And Mary is right. More diversity would go a long way in fixing these problems.
Chadwick, as I say, I don’t like the analogy. But on the other hand we have to be careful not to judge others as being uninspired, uninformed, or just stupid, because they may say things that offend our personal religious sensibilities.
Can anyone here tell me that they *know* that the young women’s leader who used that analogy was wrong to do so? That they know that she was *not* inspired in that particular instance? Now I can say that I’m doubtful that she was. But I can’t say that I know there wasn’t someone there who (for some reason that I don’t understand) needed to here it.
We also have to be careful not to dismiss these kinds of silly analogies out of hand simply because they don’t hold together theologically. Theology be damned when it gets in the way of saving souls. I’d rather hear some ridiculous story about the prophet in the elevator — if there’s a meaningful nugget of truth in it — than a perfect recitation of gospel facts that has no immediate application to the lives of the listeners.
As to the meaning of the analogy at hand: that’s one way to interpret it, Chad. And I agree that it can be damaging. But who knows but what there may have been a listener who *did* feel that way about herself–and somehow after hearing the lesson in its entirety was able put 2+2 together and came to the conclusion that she didn’t have to go on feeling that way about herself. It’s been my experience — when I’ve heard talks, lessons, or discussions, on this theme — that in the end there is usually some heartfelt mention of the Lord’s atonement and the possibility of repentance and restoration.
So, as I say, I don’t want to defend that analogy per se. But I do want to defend the fact that the Lord (generally) justifies his servants–even at those times when they can be a little too seedy for those of us whose religious sensibilities are a bit on the highbrow side of the spectrum.
Jack, I understand you don’t want to judge others. But you can judge people’s actions and words as wrong without judging them. This particular leader was uninformed. I was in the presidency with her. I was horrified when I heard her giving the lesson. I didn’t feel the spirit at all and was extremely concerned about how this lesson would affect the girls’ self worth.
The gum analogy makes women into consumable objects that men derive pleasure from and then throw away. That rhetoric is damaging and ungodly. Women are human beings with divine worth. Sex isn’t something that is acted out on a woman without her agency (that’s rape), shouldn’t dehumanize women, and involves two agents (not one agent and one object). The leader, although well-meaning, was objectifying women. How is that inspired? Also if we follow this analogy, when women are married they will also be chewed gum, but their husband will be so happy because he was the first one who got to “chew” them. Unbelievable.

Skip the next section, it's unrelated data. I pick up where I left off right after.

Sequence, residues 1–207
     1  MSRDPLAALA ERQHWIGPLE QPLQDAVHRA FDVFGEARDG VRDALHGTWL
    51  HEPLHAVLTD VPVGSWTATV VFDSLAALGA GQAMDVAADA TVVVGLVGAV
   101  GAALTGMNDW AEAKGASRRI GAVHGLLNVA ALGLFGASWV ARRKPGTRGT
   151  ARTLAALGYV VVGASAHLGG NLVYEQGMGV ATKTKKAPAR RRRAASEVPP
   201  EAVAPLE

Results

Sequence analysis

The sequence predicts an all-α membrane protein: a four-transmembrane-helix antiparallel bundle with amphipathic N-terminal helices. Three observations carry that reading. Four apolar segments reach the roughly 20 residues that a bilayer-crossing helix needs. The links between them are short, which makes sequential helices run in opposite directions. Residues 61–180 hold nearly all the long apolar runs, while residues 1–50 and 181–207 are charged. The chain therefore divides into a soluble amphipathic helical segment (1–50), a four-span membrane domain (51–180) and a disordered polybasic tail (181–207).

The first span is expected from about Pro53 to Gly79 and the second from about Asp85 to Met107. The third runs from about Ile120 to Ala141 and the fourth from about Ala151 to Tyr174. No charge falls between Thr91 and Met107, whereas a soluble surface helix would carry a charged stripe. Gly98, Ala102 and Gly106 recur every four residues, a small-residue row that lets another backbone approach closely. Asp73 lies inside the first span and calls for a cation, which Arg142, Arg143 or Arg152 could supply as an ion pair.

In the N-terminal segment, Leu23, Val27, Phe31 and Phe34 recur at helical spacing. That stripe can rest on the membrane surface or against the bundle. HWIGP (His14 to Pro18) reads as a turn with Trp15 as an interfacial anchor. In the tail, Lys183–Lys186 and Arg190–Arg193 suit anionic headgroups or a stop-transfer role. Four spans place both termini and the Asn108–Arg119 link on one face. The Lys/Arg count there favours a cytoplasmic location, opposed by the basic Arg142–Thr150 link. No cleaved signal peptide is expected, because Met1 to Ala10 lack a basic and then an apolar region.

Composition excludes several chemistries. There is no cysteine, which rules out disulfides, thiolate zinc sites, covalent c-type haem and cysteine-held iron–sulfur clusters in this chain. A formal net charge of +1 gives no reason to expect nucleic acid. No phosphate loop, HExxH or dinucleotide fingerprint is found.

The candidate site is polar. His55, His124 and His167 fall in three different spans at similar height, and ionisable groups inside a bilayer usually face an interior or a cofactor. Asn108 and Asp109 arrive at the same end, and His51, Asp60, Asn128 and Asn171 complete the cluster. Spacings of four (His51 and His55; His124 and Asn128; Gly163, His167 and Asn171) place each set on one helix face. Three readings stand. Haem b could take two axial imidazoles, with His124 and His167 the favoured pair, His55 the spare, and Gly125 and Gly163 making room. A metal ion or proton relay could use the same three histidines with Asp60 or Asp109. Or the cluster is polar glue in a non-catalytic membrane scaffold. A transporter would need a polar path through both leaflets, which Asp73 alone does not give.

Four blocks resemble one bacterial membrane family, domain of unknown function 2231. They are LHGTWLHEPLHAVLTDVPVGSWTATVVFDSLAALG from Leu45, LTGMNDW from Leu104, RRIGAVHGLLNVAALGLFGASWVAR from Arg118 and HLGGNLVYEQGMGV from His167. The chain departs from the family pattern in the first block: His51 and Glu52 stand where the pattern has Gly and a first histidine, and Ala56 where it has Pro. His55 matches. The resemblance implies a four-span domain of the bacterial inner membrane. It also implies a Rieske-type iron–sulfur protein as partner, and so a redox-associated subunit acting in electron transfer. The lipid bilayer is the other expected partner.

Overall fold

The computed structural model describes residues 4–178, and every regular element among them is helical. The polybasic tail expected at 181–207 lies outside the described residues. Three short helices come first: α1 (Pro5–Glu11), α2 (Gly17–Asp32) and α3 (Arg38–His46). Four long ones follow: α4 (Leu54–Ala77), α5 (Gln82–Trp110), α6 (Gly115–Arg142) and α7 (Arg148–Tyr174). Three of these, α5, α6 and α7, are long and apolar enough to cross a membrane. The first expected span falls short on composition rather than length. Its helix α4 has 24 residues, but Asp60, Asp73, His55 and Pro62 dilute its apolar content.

I know she was uninformed because after the lesson, I immediately wrote a kind yet direct email explaining the issues with the analogy. Instead of address my concerns directly. She went behind my back to talk to the other counselor and asked if she had conveyed a bad message with her lesson. The other counselor brought up Elizabeth Smart’s points about lessons like these. Then the president hastily put out a fb message on the young women’s page about the atonement but didn’t take back any of the damaging things she’d taught by using the analogy.
I want to emphasize that this president was a loving good woman. But she was grossly uninformed, hadn’t thought about what her lesson would convey, and then didn’t address the problems with it afterwards. I suppose all these actions could have been inspired, but I really don’t believe they were.
Thanks for the response, Mary. My instinct is to trust your judgment with regard to that specific situation because of your intimate connections with the people involved.
Even so, I’m reminded of a story that my wife’s cousin told us many years ago. She had a companion who liked to do this little trick to help her decide where to go tracting. She’d close her eyes a let her finger fall randomly on a map of the area where they were serving–and that’s where they’d go. Well that was a bit too superstitious for my wife’s cousin’s way of doing things. But somehow her companion talked her into giving it a try–and so she (my wife’s cousin) did the same trick with the map. And if I remember correctly she did it with the intent to prove how silly the whole idea was. But when they got to the area she had pointed out they were invited into the very first house they tracted–and that person was baptized shortly thereafter.
My wife’s cousin remains a natural skeptic to this day. But even so, that seemed to be a lesson that was especially packaged for her. And I think it’s a lesson that we can all take to heart when we doubt how far the Lord is willing to condescend in working with his servants.
Of course, that’s not to say that the Lord approves of everything we do willy-nilly–and certainly the brethren have had to send out little correctives every now and again. But even so, where there’s genuine faith and concern the Lord will work with his people even when their methods may seem a bit hackneyed or seedy–or even lacking in sensitivity.
Thank you, Chadwick, for some sanity. I have stewed about Stephen C.’s and Jack’s totally arrogant remarks for two days.
Stephen C.: “That is not to say these don’t happen, but I retain the right to be personally skeptical when somebody portrays these practices or beliefs as being ubiquitous at the same time and place I grew up when I never saw any evidence of it.”